By X J Kennedy
Back in a yard where ringers groove a ditch,
These four in shirtsleeves congregate to pitch
Dirt-burnished iron. With appraising eye,
One sizes up a peg, hoists and lets fly—
A clang resounds as though a smith had struck
Fire from a forge. His first blow, out of luck,
Rattles in circles. Hitching up his face,
He swings, and weight once more inhabits space,
Tumbles as gently as a new-laid egg.
Extended iron arms surround their peg
Like one come home to greet a long-lost brother.
Shouts from one outpost. Mutters from the other.
Now changing sides, each withered pitcher moves
As his considered dignity behooves
Down the worn path of earth where August flies
And sheaves of air in warm distortions rise,
To stand ground, fling, kick dust with all the force
Of shoes still hammered to a living horse.
Poem copyright ©2007 by X.J. Kennedy. Poem reprinted from In a Prominent Bar in Secaucus: New and Selected Poems, Johns Hopkins University Press, 2007, by permission of X.J. Kennedy and the publisher.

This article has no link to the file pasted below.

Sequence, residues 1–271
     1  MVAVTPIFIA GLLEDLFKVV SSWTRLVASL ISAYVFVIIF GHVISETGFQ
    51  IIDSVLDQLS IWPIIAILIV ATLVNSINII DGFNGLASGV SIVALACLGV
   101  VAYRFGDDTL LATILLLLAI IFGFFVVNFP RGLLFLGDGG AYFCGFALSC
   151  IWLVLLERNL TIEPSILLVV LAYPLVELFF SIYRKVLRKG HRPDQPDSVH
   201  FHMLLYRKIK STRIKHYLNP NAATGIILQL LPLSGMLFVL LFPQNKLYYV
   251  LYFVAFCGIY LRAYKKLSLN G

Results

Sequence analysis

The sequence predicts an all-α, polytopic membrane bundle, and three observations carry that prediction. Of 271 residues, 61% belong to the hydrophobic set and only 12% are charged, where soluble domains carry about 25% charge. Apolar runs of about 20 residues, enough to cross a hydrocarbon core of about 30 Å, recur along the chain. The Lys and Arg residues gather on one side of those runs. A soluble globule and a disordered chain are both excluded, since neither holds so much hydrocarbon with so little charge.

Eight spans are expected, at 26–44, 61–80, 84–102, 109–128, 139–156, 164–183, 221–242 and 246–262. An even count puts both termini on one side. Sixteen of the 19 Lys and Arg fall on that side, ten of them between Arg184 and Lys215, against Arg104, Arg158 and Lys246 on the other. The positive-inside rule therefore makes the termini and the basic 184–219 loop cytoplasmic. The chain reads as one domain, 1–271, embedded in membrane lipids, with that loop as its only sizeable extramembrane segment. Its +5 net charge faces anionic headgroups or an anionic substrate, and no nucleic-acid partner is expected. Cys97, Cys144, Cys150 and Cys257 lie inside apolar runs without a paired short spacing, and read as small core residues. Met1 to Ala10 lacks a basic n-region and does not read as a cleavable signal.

Born Joseph Charles Kennedy in Dover, New Jersey, X.J. Kennedy is as well known for his light verse and children’s poetry as he is for his more serious works. His 1961 collection Nude Descending a Staircase won the Lamont Award, and in 2001 Kennedy was awarded the Aiken Taylor Award for lifetime achievement in poetry.
More By This Poet
Nude Descending a Staircase
Toe after toe, a snowing flesh,
a gold of lemon, root and rind,
she sifts in sunlight down the stairs
with nothing on. Nor on her mind.
We spy beneath the banister
a constant thresh of thigh on thigh;
her lips imprint the swinging air
For Allen Ginsberg
Ginsberg, Ginsberg, burning bright,
Taunter of the ultra right,
What blink of the Buddha’s eye
Chose the day for you to die?
Queer pied piper, howling wild,
Mantra-minded flower child,
Queen of Maytime, misrule’s lord
Bawling, Drop out! All aboard!
Finger-cymbaled, chanting Om,
Foe of fascist, bane of bomb,